Progress Reports on Stars Prospects Ranked 11-20

By Geoffrey Ussery

The progress of the prospects in the
bottom half of the Top 20 this season was a mixed bag. Some of the lesser known
prospects made gains in their game over the course of the year while the games
of some of the better known prospects stagnated. For comprehensive
statistics on these prospects, please check the
recent statistics article
.

Name

Position

Rank

Pr.
Rank

Change

ont face=”Arial” size=”2″>Dan
Ellis

G

11

8

Down 3 positions

Like
nearly all the Stars goaltending prospects, UN-Omaha butterfly goaltender Dan
Ellis had what can only be termed an off year. Viewed as one of the top college
goalies going into the year because of his excellent first two college seasons,
Ellis struggled to find his previous form, and his team suffered for it. The
UN-Omaha team is not all that awe-inspiring and has relied heavily on Ellis in
the past. Perhaps the weight of carrying a
team finally got to him. Ellis has traditionally been a slow starter and come on
strong later, but this habit is worrisome, especially when he fails to play as
well as he can for an entire year. Currently, Ellis’s reflexes and technique
are quite good so it stands to reason that some mental block might have gotten
in his way, or perhaps, he was nursing a minor injury. Whatever the case, what
is certain is that if Ellis definitely wants a contract with the Stars following
his senior year, he needs to re-find his game.

Name

Position

Rank

Pr.
Rank

Change

David
Bararuk

LW

12

18

Up 6 positions

Already signed to a three-year entry contract by the Stars, Moose Jaw Warriors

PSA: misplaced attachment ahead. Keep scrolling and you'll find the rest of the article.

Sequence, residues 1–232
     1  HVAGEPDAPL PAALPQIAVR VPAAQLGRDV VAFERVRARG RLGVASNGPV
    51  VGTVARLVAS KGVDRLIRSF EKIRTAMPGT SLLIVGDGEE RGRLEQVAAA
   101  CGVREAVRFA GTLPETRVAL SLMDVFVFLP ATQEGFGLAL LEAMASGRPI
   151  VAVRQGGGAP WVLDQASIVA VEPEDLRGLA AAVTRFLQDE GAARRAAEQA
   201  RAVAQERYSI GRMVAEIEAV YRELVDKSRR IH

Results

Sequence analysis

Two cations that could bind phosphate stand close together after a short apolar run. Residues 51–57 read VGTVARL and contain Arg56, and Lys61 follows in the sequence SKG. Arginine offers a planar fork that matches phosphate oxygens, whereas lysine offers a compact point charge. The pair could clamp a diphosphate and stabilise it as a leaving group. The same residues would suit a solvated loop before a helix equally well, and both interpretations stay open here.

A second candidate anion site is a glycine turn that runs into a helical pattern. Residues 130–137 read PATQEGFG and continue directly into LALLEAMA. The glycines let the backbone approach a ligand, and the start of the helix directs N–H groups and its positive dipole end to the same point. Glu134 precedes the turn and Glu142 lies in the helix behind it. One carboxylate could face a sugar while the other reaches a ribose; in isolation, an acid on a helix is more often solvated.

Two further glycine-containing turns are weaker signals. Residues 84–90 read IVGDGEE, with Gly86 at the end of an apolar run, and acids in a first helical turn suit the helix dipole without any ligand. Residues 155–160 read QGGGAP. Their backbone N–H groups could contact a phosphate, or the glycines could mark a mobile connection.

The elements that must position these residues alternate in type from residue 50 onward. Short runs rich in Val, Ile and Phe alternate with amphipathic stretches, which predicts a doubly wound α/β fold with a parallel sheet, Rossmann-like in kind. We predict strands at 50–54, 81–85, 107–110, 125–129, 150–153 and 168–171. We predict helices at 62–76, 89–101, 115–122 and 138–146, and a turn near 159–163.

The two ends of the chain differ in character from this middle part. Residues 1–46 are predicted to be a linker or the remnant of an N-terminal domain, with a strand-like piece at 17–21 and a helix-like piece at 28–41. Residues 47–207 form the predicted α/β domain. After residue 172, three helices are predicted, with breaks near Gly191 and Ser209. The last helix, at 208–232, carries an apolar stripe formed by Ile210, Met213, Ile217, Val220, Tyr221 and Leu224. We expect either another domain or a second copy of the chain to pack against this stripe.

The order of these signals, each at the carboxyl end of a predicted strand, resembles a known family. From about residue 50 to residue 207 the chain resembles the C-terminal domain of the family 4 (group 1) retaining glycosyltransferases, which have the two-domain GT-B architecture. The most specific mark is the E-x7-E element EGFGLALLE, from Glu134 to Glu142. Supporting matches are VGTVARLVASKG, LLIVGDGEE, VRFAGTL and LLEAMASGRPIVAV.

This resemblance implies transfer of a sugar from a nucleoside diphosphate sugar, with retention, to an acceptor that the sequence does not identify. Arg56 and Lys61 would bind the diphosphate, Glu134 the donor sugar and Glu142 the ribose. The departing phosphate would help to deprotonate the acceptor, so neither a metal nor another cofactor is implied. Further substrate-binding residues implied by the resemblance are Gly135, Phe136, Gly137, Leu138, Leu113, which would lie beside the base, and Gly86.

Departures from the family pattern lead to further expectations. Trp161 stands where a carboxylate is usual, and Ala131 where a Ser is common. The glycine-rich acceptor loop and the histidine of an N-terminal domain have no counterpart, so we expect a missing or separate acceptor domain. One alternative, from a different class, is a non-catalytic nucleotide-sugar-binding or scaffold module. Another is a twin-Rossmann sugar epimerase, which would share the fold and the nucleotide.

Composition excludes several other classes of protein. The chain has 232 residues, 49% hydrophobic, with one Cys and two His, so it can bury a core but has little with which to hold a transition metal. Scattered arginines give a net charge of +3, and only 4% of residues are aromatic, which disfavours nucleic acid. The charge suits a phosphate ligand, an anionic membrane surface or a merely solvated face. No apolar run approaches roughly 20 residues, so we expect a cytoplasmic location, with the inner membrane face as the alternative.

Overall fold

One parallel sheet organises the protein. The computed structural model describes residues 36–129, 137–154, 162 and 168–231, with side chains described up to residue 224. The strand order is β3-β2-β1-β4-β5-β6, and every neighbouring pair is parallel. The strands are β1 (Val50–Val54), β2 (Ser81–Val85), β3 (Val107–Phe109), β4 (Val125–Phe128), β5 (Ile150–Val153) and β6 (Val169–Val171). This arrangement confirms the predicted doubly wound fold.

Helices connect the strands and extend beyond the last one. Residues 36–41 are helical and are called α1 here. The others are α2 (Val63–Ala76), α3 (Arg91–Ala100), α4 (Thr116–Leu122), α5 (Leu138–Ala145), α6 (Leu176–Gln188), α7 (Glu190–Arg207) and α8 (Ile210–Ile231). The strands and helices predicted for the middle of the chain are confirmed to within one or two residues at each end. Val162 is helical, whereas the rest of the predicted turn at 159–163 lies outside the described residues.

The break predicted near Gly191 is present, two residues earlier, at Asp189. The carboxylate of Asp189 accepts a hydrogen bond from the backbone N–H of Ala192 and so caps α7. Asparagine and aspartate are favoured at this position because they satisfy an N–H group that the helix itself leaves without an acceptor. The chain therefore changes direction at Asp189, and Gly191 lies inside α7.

forward David Bararuk had a very good year in the WHL. A fifth round pick in
last year’s draft, Bararuk hovered near the lead in WHL scoring for the entire
year, mostly as a set-up man. He is starting to look like quite a steal, but he
might be a little small to transition his junior game to the pros easily. The
quick, skilled forward had opted out of his original draft year because of a
time lost due to a broken arm, so as an older prospect, he lasted deeper into
the draft. Bararuk also played well in the post season for his club, but it is
hoped his inability to consistently produce when his team was behind was due to
tight checking on Bararuk and not a lack of clutch instinct. Slated to join Utah
at the start of next year unless he has a stellar camp, Bararuk should be an
asset to what may be a depleted AHL team depending on the outcome of the Stars’
attempts to get a team to share the Grizzlies. His quickness, competitive drive,
and all-around offensive prowess might get him a prime spot on Utah’s roster.
Though not one of the top-end prospects yet, Bararuk is one to watch out for in
the future. A couple of good years in the AHL might just propel him to a spot on